aircraft taking high-quality photographs as it cruised over Moscow, Leningrad
and the Baltic coast.
its position established, other U-2 units developed, the next being stationed
at Incirlik, Turkey. The USAF managed to acquire some early generation U-2s, which,
designated U-2AW, monitored fallout from Soviet nuclear tests by means of a sampler,
the scoop protruding from the under-fuselage, aft of the cockpit. The USAF's U-2s
saw active duty during the Cuban Missile Crisis in 1962. There, the 4080th Strategic
Reconnaissance Wing (which became 100 SRW) lost one to an SA-2 missile. From 1964
the type was in use over Vietnam.
As surface-to-air missile performance improved, the service ceiling of the U-2
unfortunately decreased, with the addition of greater loads of sensors and an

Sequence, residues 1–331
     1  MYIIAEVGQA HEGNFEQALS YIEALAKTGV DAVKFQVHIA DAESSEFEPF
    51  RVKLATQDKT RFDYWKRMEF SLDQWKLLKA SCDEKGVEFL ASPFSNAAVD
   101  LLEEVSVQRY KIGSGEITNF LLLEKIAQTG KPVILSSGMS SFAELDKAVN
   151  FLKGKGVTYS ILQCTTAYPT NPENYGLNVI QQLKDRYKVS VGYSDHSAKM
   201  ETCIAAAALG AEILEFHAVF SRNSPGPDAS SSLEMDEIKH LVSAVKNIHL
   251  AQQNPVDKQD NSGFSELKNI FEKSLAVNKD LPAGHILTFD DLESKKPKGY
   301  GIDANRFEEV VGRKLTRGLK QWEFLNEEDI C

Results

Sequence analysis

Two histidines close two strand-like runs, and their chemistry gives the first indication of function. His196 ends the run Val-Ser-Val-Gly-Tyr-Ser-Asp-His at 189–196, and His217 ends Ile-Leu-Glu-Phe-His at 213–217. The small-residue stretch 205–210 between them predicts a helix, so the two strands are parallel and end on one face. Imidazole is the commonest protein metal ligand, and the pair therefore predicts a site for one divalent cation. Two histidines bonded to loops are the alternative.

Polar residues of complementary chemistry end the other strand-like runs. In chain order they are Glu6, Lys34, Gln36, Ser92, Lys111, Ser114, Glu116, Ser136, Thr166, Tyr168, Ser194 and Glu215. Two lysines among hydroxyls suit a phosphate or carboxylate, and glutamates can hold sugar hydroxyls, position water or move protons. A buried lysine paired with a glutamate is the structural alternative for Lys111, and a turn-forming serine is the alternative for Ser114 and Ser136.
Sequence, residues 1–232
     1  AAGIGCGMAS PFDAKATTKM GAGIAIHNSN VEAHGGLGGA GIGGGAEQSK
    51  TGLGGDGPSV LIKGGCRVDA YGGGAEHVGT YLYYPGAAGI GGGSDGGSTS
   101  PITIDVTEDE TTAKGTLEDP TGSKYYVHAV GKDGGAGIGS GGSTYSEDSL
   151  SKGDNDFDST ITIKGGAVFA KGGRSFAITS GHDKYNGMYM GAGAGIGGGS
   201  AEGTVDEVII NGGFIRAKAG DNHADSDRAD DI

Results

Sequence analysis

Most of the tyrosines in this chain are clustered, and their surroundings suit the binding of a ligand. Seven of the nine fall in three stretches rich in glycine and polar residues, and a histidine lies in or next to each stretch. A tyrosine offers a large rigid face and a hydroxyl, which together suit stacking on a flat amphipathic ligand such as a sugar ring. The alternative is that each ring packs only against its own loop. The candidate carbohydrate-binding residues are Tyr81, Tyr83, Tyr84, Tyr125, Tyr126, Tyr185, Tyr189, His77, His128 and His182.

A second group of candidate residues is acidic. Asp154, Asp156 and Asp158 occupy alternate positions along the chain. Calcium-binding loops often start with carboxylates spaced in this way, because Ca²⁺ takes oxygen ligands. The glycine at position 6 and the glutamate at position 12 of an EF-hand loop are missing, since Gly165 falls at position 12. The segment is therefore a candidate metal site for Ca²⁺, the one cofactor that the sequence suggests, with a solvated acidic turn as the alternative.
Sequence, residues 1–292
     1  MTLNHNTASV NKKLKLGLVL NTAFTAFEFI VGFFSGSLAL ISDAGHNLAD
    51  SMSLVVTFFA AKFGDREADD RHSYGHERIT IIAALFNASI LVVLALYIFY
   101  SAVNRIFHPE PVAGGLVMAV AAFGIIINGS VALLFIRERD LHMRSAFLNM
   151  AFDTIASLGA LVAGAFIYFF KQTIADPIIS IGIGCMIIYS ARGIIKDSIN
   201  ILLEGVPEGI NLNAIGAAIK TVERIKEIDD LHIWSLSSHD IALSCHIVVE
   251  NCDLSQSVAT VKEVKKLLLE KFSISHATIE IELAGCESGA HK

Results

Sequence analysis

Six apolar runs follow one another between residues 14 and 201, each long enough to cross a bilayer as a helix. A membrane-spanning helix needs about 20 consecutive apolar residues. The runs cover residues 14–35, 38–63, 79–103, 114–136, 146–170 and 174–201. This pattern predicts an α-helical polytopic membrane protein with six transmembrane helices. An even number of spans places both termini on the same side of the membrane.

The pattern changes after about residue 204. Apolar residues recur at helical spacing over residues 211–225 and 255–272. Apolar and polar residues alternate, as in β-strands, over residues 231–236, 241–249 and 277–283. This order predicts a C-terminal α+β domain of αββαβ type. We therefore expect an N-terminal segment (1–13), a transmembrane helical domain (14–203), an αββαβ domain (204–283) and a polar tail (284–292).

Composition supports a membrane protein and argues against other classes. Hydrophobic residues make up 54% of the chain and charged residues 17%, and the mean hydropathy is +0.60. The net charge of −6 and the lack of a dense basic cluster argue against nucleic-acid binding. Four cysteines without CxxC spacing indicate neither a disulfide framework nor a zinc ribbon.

ejector seat. In 1959 the U-2B was introduced, with a more powerful J35 engine.
The exra engine and fuel weight increased the stall speed at altitude to a mere
4.6 mph (7.4 km/h) below the U-2's maximum allowable speed.
Whilst a Mach-3 capable aircraft, the A-12, was ordered
in 1959, U-2 overflights of the USSR continued. The U-2's good fortune ended when,
on 1st May 1960, a U-2B piloted by Francis Gary Powers was downed over Sverdlovsk
by a missile. In the face of opposition, overflights by American pilots were banned,
and the CIA and USAF were obliged to limit subsequent overflights to reconnaissance